5 Things Everyone Should Do in New Orleans

updated Dec 17, 2019
We independently select these products—if you buy from one of our links, we may earn a commission. All prices were accurate at the time of publishing.
Post Image
(Image credit: Tara Donne)

New Orleans is definitely a contender for most delicious city in the United States (the world?). If you are planning a visit, you are basically guaranteed to leave very full and very happy — and with a list of things to do as long as the one you arrive with. The only real problem (and it’s a very good problem to have) is figuring out what to do now and what to save for your next trip.

As a former resident and frequent visitor, my trips to New Orleans are a balancing act between the new restaurants that has everyone buzzing and the places I can’t not visit whenever I’m in town. And I have to confess: My list of things I always do hasn’t changed much in the past decade. Here’s what makes the cut.

Beignets and Cafe au Lait at Cafe du Monde (Image credit: Tara Donne)

1. Get beignets and cafe au lait at Café du Monde.

Café du Monde has been a staple of the French Quarter since 1862. It’s open 24 hours a day, 7 days a week except for Christmas and hurricanes. It is not an exaggeration to say that their beignets — basically French donuts — and coffee, made with a blend of coffee and chicory and served black or au lait (with milk), are world famous.

Is it touristy? Yes. Is it worth it? Yes! You can get them to stay, but I almost always get them to go (there’s a takeout window and the line typically snakes around the back) and take them across the street to Jackson Square.

Note: A Café du Monde order of beignets comes with three. If there are two of you, I highly suggest two orders. I promise you will fight over the last powdered-sugar coated donut if you just get one.

Muffuletta from Central Grocery (Image credit: Tara Donne)

2. Eat a sandwich (or two).

New Orleans makes very good sandwiches. The city is probably best known for its po’ boys, which often involve fried seafood smothered with mayo and hot sauce, served with shredded lettuce on crusty, pillowy French bread. Hot roast beef is also common and sometimes po’ boys are called “loafs” — as in I’ll have the oyster loaf. It doesn’t matter what you call it or really where you get it from, as everyone has a different favorite spot (mine is Domelise’s), but you should definitely eat one.

Or you could opt for a muffuletta, which is essentially a huge Italian sandwich with meats and cheeses and olives. It’s served on an enormous Sicilian sesame roll that’s cut into quarters. Each quarter is the size of a regular sandwich.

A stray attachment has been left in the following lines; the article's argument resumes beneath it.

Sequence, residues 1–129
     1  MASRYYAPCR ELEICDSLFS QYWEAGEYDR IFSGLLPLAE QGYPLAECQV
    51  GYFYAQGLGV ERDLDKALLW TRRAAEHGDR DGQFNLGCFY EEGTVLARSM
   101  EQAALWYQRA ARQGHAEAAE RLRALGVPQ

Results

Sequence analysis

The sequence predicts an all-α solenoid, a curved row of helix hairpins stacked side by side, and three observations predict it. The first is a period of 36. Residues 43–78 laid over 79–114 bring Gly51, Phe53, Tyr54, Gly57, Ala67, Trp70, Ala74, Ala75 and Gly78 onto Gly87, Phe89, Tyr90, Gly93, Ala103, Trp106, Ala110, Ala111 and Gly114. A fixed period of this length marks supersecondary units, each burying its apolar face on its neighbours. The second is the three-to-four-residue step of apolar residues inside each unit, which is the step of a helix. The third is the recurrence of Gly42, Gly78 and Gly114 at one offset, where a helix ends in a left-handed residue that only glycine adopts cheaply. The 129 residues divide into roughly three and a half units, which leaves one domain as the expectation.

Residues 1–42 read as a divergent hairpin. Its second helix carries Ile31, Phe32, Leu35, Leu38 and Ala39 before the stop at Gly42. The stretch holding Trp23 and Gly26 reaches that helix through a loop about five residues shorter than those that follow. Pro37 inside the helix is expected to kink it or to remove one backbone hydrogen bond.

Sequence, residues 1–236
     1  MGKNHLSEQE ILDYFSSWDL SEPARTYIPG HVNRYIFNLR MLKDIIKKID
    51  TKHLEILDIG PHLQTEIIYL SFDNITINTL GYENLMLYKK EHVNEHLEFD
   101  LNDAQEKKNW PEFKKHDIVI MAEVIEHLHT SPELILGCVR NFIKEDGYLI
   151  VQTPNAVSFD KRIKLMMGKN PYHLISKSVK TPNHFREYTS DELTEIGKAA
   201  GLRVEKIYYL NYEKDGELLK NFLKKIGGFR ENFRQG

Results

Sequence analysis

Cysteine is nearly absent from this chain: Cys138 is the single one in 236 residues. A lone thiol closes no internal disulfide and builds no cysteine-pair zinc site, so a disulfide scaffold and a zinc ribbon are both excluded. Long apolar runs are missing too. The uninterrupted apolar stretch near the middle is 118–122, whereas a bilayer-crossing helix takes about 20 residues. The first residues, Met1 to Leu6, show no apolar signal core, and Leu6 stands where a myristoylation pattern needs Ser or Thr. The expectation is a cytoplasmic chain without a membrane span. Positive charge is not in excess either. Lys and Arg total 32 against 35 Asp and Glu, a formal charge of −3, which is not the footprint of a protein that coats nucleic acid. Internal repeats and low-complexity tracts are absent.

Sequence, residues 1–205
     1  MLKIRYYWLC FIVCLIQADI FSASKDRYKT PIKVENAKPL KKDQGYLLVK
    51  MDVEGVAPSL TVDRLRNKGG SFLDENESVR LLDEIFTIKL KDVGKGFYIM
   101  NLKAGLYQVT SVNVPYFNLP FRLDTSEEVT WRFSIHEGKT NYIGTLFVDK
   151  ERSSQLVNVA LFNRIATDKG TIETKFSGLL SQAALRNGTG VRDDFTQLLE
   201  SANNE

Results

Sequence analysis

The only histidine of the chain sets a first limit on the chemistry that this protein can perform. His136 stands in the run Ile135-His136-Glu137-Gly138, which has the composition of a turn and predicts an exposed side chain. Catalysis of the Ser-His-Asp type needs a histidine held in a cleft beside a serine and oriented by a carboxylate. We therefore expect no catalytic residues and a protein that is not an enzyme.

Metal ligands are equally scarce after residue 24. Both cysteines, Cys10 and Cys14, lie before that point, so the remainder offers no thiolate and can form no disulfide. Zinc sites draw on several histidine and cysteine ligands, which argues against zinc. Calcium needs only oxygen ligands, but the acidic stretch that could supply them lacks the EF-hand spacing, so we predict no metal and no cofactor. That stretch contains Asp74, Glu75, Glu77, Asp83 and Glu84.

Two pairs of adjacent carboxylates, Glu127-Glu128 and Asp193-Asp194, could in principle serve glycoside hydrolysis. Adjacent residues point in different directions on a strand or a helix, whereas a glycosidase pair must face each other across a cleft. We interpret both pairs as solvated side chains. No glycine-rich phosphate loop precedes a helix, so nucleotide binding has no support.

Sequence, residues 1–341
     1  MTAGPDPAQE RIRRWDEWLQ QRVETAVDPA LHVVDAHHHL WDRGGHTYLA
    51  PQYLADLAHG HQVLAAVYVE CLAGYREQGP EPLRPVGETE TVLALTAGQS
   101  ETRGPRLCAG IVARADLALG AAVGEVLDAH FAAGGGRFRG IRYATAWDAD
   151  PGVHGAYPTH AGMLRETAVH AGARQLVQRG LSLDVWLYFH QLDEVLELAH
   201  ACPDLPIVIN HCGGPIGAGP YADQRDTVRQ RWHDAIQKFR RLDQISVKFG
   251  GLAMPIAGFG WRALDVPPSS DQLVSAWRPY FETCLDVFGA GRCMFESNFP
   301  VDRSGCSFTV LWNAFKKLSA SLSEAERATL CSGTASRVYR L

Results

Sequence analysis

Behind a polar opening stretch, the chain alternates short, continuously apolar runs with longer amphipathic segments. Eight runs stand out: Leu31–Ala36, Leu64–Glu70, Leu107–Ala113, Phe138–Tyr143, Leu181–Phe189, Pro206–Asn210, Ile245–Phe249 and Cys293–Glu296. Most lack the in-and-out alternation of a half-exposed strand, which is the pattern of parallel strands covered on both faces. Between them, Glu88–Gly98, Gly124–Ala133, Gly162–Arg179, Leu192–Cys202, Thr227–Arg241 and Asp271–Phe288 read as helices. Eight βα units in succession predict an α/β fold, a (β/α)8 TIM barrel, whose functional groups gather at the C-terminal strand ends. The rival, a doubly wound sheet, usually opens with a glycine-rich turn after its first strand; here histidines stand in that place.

Central Grocery is the most famous place to eat a muffuletta (and you should get it with a side of Zapp’s chips), but I recently discovered (and maybe even prefer) the version at Napoleon House. It’s served warm and everything melds together in a really delicious way.

Pimm’s Cup at Napoleon House (Image credit: Tara Donne)

3. Drink a cocktail with history.

New Orleans is a town that is serious about drinking. And I do not just mean that it is never too early or late for a boozy beverage or that to-go cups and drive-thru daiquiris are somehow, inexplicably, a thing — although these things are definitely true.

No, what I mean to say is that this is a town that makes very good drinks; many of them were invented here. Find yourself a serious bar and a serious bartender and ask them to make you a drink that has a story. Here are a few ideas.

  • You can order a Sazerac almost anywhere in town, but we’re a fan of Abigail Gullo’s version at Compère Lapin.
  • At Napoleon House, there’s really only one question: Will you get an original Pimm’s Cup or one with an extra splash of gin?
  • A French 75 at Arnaud’s French 75 is one of my very favorite cocktails in any city and Chris Hannah is one of the most knowledgeable and talented bartenders.
Pho Cam Ly on Magazine Street (Image credit: Jacqueline Marque)

4. Seek out Vietnamese food.

New Orleans has a significant Vietnamese population and, as a result, very good Vietnamese food. The most authentic spots are on the West Bank, and if you venture out that way, you should try the rotisserie chicken at Tanh Din or go for a family-style meal at Nine Roses.

But you don’t have to make a day trip of it; there are traditional and modern Vietnamese restaurants in the Marigny (try Bao & Noodle) or Mid City (MoPho for pho — and fried oysters), and on Magazine Street (Pho Cam Ly and Magasin Cafe).

Jazz Trumpeter Kermit Ruffins (Image credit: Tara Donne)

5. Leave the French Quarter.

The French Quarter is great, and there has never been a trip to New Orleans when I haven’t strolled down Chartres Street or tucked into Arnaud’s for a French 75 (see above). But there is so much more to this city than the Quarter, and you’re missing out if you don’t do a little exploring.

Hop on the street car and head to the Garden District or rent a bike and pedal to City Park. Go hear music on Frenchman Street or seek out jazz musician Kermit Ruffins (pictured above) at his bar in the Treme. Most afternoons you can find him grilling out front, drinking a beer and serving barbecue to the neighborhood.

Have you been to New Orleans? What’s on your must-do list?